Quick little project I sewed in 1.5 hrs or so, from some leftover silk blend fabric! The material in a shirt like this makes a big difference – if you’re after the more put together feel, the drape of a silk or a crepe will give this shirt a more blousy vibe (vs. a cotton, linen or knit which would result in a more casual look).

TOOLS:

Fabric (I used a silk blend), 1m full-width  |  Small piece of interfacing  |  Scissors  |  Pins  |  Thread, sewing machine, serger if you have | Not pictured but I ended up using some bias tape to finish the sleeves (not required)


I. Cut pieces with measurements – These get you a shirt that fits EU36-38/US4-6 loosely, for EU40/US8 slightly more fitted.
I also cut my interfacing pieces for the neckline facing – I just used the cut top pieces to trace the curve of the neckline, and cut out my pieces:
Then I placed the interfacing on the reverse of my fabric, pressed with generous steam to attach..
.. Then cut out the pieces and finished the outside edges with my serger (you could also zig-zag).
II. Moving on to the shoulders, where I did French seams. First pinned the shoulders together, wrong sides of fabric facing, sewed, and trimmed the seam allowance down to just 3mm or so:
And then flipped over, right sides facing, and sewed again to enclose the first seam allowance into the fold – creating a neat French seam.

III. To start with the neckline, I first double-checked I had the size of the facing pieces right by placing them around the neckline, then sewed them together at the short ends to create a circle. 

Then pinned the facing, right side facing right side of top, along the neckline, and sewed all around.
After sewing, it’s important to clip the seam allowance at steady intervals to remove tension from the curve:
.. And then you’re ready to flip the facing onto the reverse, and press!
You could leave it as-is if you want a clean, non-stitched look on the right side. I chose to add a top-stitch close to the fold on the right side (also hand-sewed the facing onto the shoulder seam allowances on the reverse with a few stitches, to keep it nicely in place).
IV. Next up where the sleeves, which I pinned in place, right sides facing, and sewed (finishing the seam allowances with my serger, zig-zag again works as well). I had planned on French seams here too, but honestly couldn’t be bothered..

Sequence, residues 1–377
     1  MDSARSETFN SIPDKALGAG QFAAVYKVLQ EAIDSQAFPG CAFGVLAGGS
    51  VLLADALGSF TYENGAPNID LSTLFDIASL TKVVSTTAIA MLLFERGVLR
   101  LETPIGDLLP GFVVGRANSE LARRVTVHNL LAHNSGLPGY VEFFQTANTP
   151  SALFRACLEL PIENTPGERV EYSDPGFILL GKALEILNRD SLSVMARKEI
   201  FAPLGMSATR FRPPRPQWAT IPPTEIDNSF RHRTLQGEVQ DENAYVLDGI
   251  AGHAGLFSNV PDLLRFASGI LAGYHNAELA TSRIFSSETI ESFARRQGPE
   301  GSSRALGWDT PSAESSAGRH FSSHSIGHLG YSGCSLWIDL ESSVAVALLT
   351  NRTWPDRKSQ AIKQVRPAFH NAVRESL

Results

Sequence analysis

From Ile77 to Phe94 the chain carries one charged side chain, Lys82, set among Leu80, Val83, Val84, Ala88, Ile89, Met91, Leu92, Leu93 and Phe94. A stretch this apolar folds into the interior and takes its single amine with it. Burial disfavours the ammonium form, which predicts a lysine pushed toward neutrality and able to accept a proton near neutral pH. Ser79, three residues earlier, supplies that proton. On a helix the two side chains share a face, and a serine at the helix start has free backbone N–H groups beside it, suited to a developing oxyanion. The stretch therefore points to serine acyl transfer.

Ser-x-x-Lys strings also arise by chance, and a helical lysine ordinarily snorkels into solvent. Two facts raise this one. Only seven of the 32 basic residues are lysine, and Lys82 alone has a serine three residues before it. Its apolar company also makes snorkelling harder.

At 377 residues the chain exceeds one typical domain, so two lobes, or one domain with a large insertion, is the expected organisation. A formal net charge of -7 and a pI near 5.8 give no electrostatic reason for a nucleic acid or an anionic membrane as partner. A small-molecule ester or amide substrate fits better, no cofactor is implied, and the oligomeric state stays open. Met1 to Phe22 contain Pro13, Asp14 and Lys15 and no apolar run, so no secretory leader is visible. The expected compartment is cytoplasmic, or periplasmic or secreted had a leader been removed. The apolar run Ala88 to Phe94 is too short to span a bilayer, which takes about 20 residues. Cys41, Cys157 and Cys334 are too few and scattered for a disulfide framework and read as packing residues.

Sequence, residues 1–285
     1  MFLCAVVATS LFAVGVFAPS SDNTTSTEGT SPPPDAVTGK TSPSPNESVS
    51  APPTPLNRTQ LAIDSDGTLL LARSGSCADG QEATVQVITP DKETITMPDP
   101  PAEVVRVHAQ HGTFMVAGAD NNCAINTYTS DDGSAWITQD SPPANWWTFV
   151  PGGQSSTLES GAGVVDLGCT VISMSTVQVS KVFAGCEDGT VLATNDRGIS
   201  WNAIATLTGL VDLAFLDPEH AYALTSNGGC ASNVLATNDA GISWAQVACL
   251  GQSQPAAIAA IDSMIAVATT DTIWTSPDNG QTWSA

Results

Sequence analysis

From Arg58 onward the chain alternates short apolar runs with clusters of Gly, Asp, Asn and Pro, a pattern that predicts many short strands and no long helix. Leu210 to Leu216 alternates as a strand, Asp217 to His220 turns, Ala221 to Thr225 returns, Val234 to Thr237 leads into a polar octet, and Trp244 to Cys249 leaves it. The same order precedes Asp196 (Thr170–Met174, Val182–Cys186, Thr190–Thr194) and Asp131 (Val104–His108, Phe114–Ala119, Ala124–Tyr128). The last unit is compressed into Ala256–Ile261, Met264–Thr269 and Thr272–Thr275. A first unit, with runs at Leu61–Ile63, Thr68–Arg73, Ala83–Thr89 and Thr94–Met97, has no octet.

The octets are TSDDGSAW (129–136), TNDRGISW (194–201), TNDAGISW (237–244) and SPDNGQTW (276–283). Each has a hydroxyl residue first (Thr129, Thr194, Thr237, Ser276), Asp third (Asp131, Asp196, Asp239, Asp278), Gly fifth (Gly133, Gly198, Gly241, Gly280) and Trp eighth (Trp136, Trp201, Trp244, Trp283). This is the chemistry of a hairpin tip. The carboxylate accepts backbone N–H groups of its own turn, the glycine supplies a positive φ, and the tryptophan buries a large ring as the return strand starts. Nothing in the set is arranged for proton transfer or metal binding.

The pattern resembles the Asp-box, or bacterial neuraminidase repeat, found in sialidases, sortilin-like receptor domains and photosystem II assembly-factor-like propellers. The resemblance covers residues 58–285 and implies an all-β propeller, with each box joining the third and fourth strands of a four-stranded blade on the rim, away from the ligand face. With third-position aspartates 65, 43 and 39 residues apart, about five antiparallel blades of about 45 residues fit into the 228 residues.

Here’s something I like to do whenever doing non-set sleeves – after sewing the sleeves into place, I at this point press the folds onto the sleeve hems. I find it’s much easier when they’re still open like this, vs. after you’ve sewn the sleeve underseam.
However…. I did end up adjusting the sleeve shape a bit, so with this particular project, that step went to waste:)
V. Thinking I was almost done, I pinned the sides together and sewed them..
… And also finished the sleeve hems and the top hem with double-folds. Which got me here. When trying the top on at this point, I realised I did not like the shape of the sleeves. They were too loose and floppy. So I took them in and clipped a bit off the length (shown with the black lines). To give the sleeve hems a bit more structure, I finished them with bias tape instead of the double-fold.
After that, I was still not fully satisfied with them, so to finish off I decided to add a box pleat. At this point I didn’t have the energy to re-do the bias tape finish, so I went for the lazy option and just folded the pleat on the hemmed sleeve…
.. Hand-sewing it flat on the reverse. Who’s gonna be looking inside my sleeves anyway!
That did it for me and I was satisfied enough:)
xo,
Julia

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